East Texas City Improves Operations, Reduces Costs With HVAC Retrofits

July 1, 2011
Annual savings of 1.1 million-plus kwh expected

Facing an impending electricity-rate increase, officials for the city of Marshall, Texas, knew they needed to update aging, inefficient HVAC equipment in city buildings for the city to continue to operate in a fiscally and environmentally responsible manner.

In January 2010, the city entered into a $1.1 million performance contract with Schneider Electric. The energy-management specialist conducted a comprehensive audit of equipment in city buildings, including City Hall, Marshall Convention Center, Marshall Public Library, the Center for Applied Technology, the police and fire station, and multiple community centers.

City Hall

City Hall, which was constructed as a bank in 1972 and renovated in 1994, was experiencing particularly high utility costs. The chiller and boiler, which were more than 20 years old, were running 24 hr a day, seven days a week. The annual maintenance cost for the chiller alone was $20,000 to $30,000. Compounding the problem, most of the pneumatic thermostats had exceeded their operational life, and many were not located for optimal comfort control.

The 100-ton chiller was replaced with an efficient and quieter 80-ton Trane CGAM scroll chiller, which features improved fan-staging logic for low-ambient starting capability.

The inefficient cast-iron, noncondensing boiler was replaced with an AERCO Benchmark 1.5 low-nitrogen-oxide condensing boiler that reclaims heat energy that otherwise would be exhausted through the flue and uses it to further heat boiler water, reducing overall fuel usage.

Air handlers and pumps were retrofitted with Altivar 61 variable-speed drives from Schneider Electric. The drives regulate the delivery of ventilation air and chilled water to maintain building temperature, reducing energy consumption and improving comfort.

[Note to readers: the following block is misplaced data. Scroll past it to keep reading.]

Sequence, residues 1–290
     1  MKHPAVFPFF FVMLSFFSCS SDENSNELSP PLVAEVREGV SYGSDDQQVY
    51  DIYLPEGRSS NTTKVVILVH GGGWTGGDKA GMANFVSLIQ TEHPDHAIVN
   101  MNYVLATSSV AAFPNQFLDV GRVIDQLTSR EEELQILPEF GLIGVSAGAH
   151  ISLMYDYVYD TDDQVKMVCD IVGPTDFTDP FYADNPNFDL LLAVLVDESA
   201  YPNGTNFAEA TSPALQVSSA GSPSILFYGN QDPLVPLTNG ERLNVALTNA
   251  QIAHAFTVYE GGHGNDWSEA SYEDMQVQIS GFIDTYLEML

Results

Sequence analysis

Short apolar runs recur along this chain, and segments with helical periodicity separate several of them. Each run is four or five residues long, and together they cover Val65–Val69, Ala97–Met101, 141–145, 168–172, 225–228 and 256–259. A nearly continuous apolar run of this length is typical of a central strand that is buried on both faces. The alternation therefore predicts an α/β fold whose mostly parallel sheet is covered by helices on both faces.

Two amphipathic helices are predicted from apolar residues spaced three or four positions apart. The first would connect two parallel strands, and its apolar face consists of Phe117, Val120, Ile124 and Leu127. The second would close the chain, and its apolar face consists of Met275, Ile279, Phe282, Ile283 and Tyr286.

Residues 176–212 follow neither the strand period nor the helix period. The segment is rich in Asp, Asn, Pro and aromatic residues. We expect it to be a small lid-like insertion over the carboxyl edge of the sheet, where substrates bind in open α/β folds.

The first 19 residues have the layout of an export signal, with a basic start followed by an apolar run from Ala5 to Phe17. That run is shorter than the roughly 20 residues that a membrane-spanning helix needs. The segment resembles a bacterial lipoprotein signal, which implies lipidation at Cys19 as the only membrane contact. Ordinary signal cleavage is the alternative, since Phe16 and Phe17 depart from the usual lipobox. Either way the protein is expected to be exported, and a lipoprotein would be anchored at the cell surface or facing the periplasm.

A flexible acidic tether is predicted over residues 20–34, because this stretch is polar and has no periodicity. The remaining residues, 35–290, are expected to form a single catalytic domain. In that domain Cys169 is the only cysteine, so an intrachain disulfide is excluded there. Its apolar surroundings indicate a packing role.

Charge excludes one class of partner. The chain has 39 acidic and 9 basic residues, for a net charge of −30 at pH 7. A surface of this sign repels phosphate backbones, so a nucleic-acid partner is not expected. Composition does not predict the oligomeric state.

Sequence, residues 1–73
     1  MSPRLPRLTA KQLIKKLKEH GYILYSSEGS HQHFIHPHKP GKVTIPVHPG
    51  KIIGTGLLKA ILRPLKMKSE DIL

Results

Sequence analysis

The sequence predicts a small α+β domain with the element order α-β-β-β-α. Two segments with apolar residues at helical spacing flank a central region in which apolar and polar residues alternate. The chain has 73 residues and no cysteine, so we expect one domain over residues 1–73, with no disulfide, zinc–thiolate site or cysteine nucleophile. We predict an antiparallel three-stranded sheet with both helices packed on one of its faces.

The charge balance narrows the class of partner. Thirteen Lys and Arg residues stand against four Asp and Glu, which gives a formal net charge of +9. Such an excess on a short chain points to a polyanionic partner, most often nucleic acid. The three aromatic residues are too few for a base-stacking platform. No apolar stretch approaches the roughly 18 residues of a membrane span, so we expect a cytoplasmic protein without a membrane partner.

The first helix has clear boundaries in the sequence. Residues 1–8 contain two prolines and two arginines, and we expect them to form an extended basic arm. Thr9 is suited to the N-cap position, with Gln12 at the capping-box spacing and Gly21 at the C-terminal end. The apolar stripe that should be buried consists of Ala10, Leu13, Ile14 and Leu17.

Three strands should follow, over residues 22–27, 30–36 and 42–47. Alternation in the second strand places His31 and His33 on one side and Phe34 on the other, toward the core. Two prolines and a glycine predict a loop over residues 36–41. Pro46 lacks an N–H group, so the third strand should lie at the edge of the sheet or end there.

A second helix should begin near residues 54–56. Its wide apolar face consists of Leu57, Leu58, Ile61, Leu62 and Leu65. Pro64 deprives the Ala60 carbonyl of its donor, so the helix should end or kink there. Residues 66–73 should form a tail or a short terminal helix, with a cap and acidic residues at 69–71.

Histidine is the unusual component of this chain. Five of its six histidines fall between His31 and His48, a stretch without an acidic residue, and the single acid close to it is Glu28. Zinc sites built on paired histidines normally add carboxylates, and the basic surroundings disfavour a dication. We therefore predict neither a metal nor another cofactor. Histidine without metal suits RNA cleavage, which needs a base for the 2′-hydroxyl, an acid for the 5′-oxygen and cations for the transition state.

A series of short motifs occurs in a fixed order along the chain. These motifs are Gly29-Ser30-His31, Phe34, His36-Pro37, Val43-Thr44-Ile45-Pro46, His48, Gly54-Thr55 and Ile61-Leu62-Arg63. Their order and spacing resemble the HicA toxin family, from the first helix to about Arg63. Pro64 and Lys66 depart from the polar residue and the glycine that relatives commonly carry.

Lastly, ductwork was reconfigured to match HVAC zones with room partitions and city departments.

With these retrofits, City Hall's utility bill was reduced by approximately 50 percent.

Citywide Building Automation System

The city had been relying on individual employees to control heating and cooling through unlinked thermostats. With that method of control, many buildings' HVAC systems ran constantly, even when the buildings were unoccupied. To remedy the situation, the building contractor installed Schneider Electric TAC Vista software, Schneider Electric TAC Xenta controllers, and Viconics VT7600 series thermostats, which provide advanced monitoring and scheduling capability in eight city buildings.

“While some of our city buildings had newer heating and cooling systems, there was never an element of control within these facilities …,” City Manager Frank Johnson said. “Upon installation of the building automation system, not only did we see improvement in associated operational costs, but hot/cold complaints dropped considerably, and we're now able to troubleshoot problems from one central location, allowing our maintenance staff to focus their time and effort on other building projects.”

Preliminary Results

Slated to be completed in October 2010, the facility and HVAC upgrades were finalized a month ahead of schedule. During the nine-month installation, the city realized energy savings totaling $39,082. The first two months following project completion, the city saved $24,242 more, for total energy and utility savings of $63,324.

The project, which included a large-scale lighting retrofit, will save 1,145,800 kwh of energy annually, which is equivalent to 2,688,788 driving miles avoided or 32,862 trees planted.

“With these retrofits, we were able to make large-scale improvements to our HVAC systems and provide greater staff and visitor comfort in our city buildings …,” Johnson said. “As a result, the city of Marshall is now running in a more efficient, environmentally conscious manner, and we will continue to make improvements in the future.”

Information and photographs courtesy of Schneider Electric.
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About the Author

Scott Arnold | Executive Editor

Described by a colleague as "a cyborg ... requir(ing) virtually no sleep, no time off, and bland nourishment that can be consumed while at his desk" who was sent "back from the future not to terminate anyone, but with the prime directive 'to edit dry technical copy' in order to save the world at a later date," Scott Arnold joined the editorial staff of HPAC Engineering in 1999. Prior to that, he worked as an editor for daily newspapers and a specialty-publications company. He has a bachelor's degree in journalism from Kent State University.